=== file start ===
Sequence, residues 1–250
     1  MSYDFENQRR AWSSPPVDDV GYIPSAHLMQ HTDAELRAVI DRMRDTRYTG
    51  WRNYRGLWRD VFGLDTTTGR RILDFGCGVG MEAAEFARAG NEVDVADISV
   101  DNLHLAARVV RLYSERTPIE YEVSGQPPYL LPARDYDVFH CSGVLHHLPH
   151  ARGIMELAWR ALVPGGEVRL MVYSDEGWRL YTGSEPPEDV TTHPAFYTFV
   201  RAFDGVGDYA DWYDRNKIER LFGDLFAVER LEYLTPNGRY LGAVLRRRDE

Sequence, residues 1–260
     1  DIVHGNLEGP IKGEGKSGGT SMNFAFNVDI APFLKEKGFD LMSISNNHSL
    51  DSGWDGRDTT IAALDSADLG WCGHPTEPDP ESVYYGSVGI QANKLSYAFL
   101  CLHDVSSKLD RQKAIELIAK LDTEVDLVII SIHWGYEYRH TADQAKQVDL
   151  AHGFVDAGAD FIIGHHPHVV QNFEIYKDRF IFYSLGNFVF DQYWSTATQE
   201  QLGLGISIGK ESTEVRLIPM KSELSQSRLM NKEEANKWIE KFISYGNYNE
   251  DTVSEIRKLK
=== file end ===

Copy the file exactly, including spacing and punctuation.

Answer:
Sequence, residues 1–250
     1  MSYDFENQRR AWSSPPVDDV GYIPSAHLMQ HTDAELRAVI DRMRDTRYTG
    51  WRNYRGLWRD VFGLDTTTGR RILDFGCGVG MEAAEFARAG NEVDVADISV
   101  DNLHLAARVV RLYSERTPIE YEVSGQPPYL LPARDYDVFH CSGVLHHLPH
   151  ARGIMELAWR ALVPGGEVRL MVYSDEGWRL YTGSEPPEDV TTHPAFYTFV
   201  RAFDGVGDYA DWYDRNKIER LFGDLFAVER LEYLTPNGRY LGAVLRRRDE

Sequence, residues 1–260
     1  DIVHGNLEGP IKGEGKSGGT SMNFAFNVDI APFLKEKGFD LMSISNNHSL
    51  DSGWDGRDTT IAALDSADLG WCGHPTEPDP ESVYYGSVGI QANKLSYAFL
   101  CLHDVSSKLD RQKAIELIAK LDTEVDLVII SIHWGYEYRH TADQAKQVDL
   151  AHGFVDAGAD FIIGHHPHVV QNFEIYKDRF IFYSLGNFVF DQYWSTATQE
   201  QLGLGISIGK ESTEVRLIPM KSELSQSRLM NKEEANKWIE KFISYGNYNE
   251  DTVSEIRKLK